I've spent the past week in Albuquerque, New Mexico for a range of work commitments, but before catching a plane home, decided to take a quick drive out to Petroglyph National Monument, specifically the trail at Piedras Marcadas Canyon, to view what I'd heard were breathtakingly beautiful rock carvings.
I was not disappointed.
It didn't end up being much of a "run," as the trail is just 1.5 miles and I kept stopping to admire the petroglyphs, but this little park, right in Albuquerque, is well worth a visit next time you find yourself in central New Mexico.
The ancestral Pueblo people carved more than 24,000 images on the rocks here, and over thousands of years of oxidation of manganese and iron in the rock, a "desert varnish" formed on the surface, which helped the images to stand out and keeps the images from eroding further. Park official estimate that about 90% of the petroglyphs were created during the period between AD 1300 until the end of the 1600s -- meaning that some of the Spanish settlers who carved Christian symbols on the rocks may have been inspired to do so by viewing the Pueblo carvings from 2,000 years earlier.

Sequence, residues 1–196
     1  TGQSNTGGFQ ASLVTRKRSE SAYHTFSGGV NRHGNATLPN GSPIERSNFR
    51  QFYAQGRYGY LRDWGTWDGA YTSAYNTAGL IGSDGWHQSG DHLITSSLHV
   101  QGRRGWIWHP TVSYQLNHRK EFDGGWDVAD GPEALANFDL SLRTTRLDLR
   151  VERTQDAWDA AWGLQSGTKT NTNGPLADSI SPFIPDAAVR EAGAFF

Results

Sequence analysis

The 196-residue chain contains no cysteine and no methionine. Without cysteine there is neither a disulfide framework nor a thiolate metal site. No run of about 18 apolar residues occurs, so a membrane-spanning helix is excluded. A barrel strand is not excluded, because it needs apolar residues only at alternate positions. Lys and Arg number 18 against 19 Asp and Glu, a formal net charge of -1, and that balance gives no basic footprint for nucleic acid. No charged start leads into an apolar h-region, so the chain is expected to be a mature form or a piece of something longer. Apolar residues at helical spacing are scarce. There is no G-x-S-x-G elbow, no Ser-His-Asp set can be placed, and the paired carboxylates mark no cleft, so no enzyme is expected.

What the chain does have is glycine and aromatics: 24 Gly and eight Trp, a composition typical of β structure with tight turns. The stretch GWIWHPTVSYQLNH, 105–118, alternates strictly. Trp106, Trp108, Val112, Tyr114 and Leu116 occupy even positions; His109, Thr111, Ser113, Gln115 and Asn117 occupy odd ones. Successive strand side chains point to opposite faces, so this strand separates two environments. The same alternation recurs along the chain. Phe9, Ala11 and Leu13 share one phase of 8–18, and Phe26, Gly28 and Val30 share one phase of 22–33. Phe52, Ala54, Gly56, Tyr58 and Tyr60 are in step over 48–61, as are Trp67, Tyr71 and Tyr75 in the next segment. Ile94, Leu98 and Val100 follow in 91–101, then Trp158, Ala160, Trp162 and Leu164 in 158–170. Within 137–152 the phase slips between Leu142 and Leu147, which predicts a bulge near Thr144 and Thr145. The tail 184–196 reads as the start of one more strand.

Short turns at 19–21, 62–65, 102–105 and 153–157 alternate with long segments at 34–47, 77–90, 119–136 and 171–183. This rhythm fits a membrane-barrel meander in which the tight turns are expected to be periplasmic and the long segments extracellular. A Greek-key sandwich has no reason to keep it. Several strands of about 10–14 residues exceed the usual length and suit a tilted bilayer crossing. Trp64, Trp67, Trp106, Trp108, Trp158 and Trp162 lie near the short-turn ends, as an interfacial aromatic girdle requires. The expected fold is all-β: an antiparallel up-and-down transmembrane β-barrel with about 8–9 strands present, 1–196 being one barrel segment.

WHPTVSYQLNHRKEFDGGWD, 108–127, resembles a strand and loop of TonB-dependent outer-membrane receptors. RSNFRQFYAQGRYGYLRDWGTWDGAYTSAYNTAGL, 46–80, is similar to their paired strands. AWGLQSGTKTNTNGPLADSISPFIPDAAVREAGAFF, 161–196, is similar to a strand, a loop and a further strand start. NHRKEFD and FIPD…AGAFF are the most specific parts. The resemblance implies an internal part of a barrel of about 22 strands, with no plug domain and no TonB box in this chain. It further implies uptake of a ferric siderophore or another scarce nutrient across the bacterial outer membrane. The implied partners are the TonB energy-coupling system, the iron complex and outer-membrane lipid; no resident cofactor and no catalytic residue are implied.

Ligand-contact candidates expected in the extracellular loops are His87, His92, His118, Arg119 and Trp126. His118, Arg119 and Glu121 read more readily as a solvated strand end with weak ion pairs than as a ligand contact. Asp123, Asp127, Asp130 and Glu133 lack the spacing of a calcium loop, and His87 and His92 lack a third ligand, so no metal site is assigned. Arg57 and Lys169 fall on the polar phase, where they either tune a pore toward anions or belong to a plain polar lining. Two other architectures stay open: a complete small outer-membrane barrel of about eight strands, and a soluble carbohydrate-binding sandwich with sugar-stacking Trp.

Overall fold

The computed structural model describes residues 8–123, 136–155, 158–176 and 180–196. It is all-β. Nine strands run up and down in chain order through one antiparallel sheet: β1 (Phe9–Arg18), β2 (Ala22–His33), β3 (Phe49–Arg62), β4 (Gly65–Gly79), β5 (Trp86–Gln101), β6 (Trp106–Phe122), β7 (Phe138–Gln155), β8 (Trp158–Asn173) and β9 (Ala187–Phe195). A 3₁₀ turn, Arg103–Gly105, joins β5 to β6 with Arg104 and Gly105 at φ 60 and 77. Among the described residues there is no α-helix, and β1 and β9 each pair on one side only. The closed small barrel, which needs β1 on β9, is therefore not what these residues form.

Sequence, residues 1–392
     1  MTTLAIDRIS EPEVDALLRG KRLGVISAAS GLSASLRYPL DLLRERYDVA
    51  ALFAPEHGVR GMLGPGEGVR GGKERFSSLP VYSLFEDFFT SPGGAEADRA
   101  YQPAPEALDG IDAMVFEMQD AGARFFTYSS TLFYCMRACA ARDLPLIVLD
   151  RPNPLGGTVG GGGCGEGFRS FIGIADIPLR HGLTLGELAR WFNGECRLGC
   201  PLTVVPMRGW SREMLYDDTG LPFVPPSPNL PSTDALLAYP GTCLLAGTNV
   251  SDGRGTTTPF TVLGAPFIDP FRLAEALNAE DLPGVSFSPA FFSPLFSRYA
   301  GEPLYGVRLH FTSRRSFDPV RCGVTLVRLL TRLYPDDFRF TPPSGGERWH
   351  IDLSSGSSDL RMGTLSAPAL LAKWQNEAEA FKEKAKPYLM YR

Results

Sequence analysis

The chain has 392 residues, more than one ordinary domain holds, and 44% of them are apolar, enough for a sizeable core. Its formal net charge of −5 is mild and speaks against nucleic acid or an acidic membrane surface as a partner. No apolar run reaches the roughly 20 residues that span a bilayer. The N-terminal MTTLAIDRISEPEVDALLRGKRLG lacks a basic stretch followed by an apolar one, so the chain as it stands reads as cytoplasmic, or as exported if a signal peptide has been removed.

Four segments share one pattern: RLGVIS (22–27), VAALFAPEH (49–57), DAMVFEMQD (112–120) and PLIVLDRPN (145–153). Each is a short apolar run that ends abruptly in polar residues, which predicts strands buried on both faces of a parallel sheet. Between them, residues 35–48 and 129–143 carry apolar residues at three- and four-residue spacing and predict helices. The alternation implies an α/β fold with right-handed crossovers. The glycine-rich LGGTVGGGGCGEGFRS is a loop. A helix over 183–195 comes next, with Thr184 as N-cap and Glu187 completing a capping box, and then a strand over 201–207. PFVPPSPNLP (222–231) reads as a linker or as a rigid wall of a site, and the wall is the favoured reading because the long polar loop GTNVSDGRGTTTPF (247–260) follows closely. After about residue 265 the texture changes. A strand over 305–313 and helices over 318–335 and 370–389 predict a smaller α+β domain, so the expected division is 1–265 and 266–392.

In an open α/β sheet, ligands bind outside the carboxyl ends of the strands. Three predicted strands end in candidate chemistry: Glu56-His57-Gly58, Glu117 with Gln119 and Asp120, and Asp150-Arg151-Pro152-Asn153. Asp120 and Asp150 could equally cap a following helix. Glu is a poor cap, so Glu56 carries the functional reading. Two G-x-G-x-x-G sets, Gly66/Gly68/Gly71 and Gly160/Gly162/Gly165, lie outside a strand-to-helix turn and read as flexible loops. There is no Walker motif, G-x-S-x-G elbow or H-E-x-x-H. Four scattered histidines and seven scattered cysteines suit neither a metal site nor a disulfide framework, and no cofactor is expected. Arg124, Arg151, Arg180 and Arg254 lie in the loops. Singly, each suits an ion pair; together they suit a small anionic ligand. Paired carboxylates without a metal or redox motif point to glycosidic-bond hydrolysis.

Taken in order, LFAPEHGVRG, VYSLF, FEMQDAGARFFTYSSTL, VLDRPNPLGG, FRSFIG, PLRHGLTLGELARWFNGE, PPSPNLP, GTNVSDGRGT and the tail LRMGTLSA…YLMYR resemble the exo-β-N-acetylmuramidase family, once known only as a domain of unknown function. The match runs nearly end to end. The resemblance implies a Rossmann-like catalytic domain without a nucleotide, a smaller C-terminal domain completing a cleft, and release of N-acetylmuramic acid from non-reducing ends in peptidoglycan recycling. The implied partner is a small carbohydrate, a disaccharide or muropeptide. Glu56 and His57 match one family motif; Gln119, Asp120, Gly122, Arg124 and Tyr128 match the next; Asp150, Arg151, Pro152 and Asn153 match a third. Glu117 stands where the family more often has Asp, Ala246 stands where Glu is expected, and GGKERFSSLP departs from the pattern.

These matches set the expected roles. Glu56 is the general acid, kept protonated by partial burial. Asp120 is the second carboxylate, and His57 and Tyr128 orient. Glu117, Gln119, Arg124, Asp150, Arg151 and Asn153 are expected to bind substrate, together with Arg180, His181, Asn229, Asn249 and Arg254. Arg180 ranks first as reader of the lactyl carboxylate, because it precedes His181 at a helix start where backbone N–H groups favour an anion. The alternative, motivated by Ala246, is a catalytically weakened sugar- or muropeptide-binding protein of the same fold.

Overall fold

I encourage you to visit the petroglyphs next time you're in the Land of Enchantment. See you on the trail!